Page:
OBrien Boats

Destination Guide: Townsville Black Marlin

townsville black marlin
Locations: Townsville, North Qld – Cape Bowling Green and Myrmidon Reef



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Townsville is a regular stopover for the professional marlin fleet moving north towards Cairns to target light tackle black marlin in August and September. Moreover, a small locally based charter fleet and very active game fishing club members are targeting these juvenile fish from as early as June. Weighing approximately 10kg early in the season and growing to as much and in excess of 30kg by September, the voracious eaters feed on the huge bait schools that congregate in Cape Bowling Green Bay, attracted by the nutrients draining out of the mighty Burdekin River.

tackleworld-vertWhere to fish: 8 miles north of Cape Bowling Green in the shipping channel around 27-30m is a good place to start. Other grounds can be found east of Cape Cleveland and off Horseshoe Bay in the same depth, just on the outside edge of the large green zone. Look for the bait schools!

Although black marlin are the dominant species, at times good sail fishing can be had as well. The best fishing is usually had by finding the large schools of yakkas or pilchards in the area.

How to fish: Most common is traditional dead bait fishing with gar and mullet. Switch baiting live yakkas to hookless lures is gaining in popularity and live baiting on the bait schools can often be rewarding if the sharks don’t clean you up first.

Because most marlin are juvenile starting at approx 10kg in May, they are 18-30kg in September, most fun is had on light line e.g. 6kg. However don’t be surprised if the odd larger fish pops up occasionally!


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Myrmidon Reef

When September rolls around, Myrmidon Reef on the outer Great Barrier Reef, comes on the radar for local boats who regularly enjoy social weekends rafting up overnight in the protected anchorage within the reef itself and fishing just 5 minutes from the anchorage. Again, Myrmidon is a regular stop for the professional fleet targeting giant black marlin and blue marlin, usually on the return trip home to the south after the Cairns season.

Because of its unique location – it is a small circular reef surrounded 270 degrees by the continental shelf – it attracts its fair share of marlin and other toothy creatures (it is featured in the capture of most of the Australian dog tooth tuna records!) A great anchorage can be had approaching from the north into the edge of the lagoon safe from all but the worst of northerlies.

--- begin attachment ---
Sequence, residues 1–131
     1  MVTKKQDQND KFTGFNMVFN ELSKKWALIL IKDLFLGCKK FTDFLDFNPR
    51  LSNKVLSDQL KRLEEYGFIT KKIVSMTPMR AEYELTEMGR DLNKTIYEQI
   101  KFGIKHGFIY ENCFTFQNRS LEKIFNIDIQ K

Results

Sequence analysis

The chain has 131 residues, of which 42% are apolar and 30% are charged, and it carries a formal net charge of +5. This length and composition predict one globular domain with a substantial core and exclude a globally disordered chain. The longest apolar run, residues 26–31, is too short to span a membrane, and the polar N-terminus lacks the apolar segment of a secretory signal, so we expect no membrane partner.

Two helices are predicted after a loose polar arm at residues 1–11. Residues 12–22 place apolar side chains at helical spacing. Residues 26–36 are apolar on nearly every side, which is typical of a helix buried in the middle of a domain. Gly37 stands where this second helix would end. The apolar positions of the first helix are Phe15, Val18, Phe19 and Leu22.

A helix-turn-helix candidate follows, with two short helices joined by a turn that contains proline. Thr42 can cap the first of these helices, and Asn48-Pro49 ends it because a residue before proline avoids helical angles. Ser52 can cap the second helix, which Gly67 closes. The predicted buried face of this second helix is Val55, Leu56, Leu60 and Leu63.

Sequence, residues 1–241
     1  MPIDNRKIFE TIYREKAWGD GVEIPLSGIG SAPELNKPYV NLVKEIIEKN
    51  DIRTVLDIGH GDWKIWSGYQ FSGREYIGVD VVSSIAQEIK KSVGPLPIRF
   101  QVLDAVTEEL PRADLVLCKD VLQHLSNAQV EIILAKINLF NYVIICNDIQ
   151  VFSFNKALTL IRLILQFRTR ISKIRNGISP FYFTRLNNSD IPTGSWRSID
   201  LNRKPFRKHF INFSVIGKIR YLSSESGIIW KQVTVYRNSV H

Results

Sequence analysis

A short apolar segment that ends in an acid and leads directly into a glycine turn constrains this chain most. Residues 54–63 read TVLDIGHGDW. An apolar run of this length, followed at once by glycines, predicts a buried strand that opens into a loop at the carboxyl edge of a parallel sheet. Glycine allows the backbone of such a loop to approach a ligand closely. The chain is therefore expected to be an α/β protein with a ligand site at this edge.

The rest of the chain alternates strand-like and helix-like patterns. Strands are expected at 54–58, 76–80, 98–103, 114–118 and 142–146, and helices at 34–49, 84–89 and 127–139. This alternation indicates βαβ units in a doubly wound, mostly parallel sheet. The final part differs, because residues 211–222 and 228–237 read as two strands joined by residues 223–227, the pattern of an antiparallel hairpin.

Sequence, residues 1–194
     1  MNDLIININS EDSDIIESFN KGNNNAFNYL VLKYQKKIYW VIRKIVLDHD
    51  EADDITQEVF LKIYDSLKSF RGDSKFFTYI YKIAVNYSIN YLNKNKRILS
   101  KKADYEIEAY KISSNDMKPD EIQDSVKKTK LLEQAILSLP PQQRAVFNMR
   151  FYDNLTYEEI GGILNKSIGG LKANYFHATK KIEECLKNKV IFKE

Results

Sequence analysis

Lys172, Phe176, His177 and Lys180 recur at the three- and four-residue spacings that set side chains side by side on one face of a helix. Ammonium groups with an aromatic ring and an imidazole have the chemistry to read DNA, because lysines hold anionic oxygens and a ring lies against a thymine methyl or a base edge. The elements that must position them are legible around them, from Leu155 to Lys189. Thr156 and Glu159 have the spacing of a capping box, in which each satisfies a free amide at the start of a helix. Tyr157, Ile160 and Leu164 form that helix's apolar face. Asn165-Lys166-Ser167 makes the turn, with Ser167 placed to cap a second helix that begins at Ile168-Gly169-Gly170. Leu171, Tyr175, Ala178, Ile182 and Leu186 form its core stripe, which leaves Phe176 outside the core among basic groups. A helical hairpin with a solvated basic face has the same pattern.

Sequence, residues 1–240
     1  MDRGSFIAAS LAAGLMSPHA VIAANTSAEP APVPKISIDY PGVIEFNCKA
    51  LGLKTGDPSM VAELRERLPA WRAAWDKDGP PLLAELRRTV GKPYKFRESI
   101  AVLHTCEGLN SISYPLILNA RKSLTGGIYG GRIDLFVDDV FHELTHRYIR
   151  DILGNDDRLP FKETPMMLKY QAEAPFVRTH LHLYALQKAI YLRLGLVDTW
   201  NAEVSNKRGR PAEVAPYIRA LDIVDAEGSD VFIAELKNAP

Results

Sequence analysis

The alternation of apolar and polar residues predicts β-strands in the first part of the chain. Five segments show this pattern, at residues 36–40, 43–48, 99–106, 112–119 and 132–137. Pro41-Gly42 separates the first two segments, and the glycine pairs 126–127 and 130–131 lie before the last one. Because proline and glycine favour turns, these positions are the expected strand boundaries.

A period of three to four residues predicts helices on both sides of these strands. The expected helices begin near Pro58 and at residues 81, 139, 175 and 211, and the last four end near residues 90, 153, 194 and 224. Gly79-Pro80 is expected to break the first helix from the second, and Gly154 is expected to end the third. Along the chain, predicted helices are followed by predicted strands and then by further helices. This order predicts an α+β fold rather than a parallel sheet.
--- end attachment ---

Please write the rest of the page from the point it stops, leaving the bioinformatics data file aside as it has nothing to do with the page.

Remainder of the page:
In October 2007, the first grander in many years for the Townsville GFC club members was weighed at Magnetic Island with the fish being caught off the green zone at Myrmidon. The fish weighed in at 1109lbs and was caught by Mark Hislop fishing with Townsville GFC President Tom Hatrick.

Where to fish: The edge of the continental shelf to the north of Myrmidon all the way to Farraday Shoals is often the most productive. Be aware of the green zone surrounding Myrmidon.

How to fish: Baits and lures both work well. Luckily Myrmidon is probably one of the best sources of bait fish in the area!

Target Species and seasons:

Myrmidon Reef big black marlin, blue marlin,yellowfin tuna, big eye tuna, dogtooth tuna September to December
Cape Bowling Green juvenile black marlin, sailfish May to September

map of townsville
Google Image – Cape Bowling Green and Myrmidon Reef

Resources for fishing in Townsville:

Marinas and Boat Ramps

 


 

Townsville Black Marlin History

After many moons of club members fishing predominantly amongst the many reefs off Townsville, it wasn’t until the early 80′s that the Cape Bowling Green billfish grounds were ‘discovered’. Jeff Ferguson and Bill Edwards told of finding similar (to those at Cape Moreton) bait congregations forming at CBG on their yearly sojourns north for the heavy tackle season. Without the time or inclination to investigate further they nevertheless planted a seed with local club members.

Finally, in 1983, local Capt Jim Dalling took Jac-Kel down for an exploratory trip to find the place was thick with sails. And although in the early days they didn’t catch too many, word spread amongst the always enthusiastic TGFC members and soon they were all trying their luck. A sailfish haul aboard Chenoa in the 80′s put CBG on the map and people came from all over the world to fish there.

Capt. Luke Fallon (KEKOA) took early honours as the first person to catch a billfish in a Townsville Tournament in 1984 (at the ripe old age of 14), and it was a black marlin. A world record on 4kg that stood for a mere 24 hours before another club junior (Leigh O’Brien) caught a bigger fish the very next day. Since that day, literally 10′s of thousands of billfish have been released there. In 1985, Anne Dalling became the first woman in the world to catch a black marlin on 1kg line. And Mike Levitt, the famous light-tackle angler later made the trip himself and landed a much sort after world record after a mere 2 hours of fishing.

Fishing CBG: The single best piece of advice anyone gives with regard to fishing at CBG is to find the bait, and you’ll find the fish. Huge schools of yakkas and pilchards still plague the area and the juvenile black marlin set up camp around these schools, literally putting on up to and more than 10kg a season.

The stand out year for Cape Bowling Green was 1996 (a 32 black marlin day on board Orca with Capt Jim Dalling and a 36 day on board Assegai with Capt Greg ‘Muddy’ Edwards).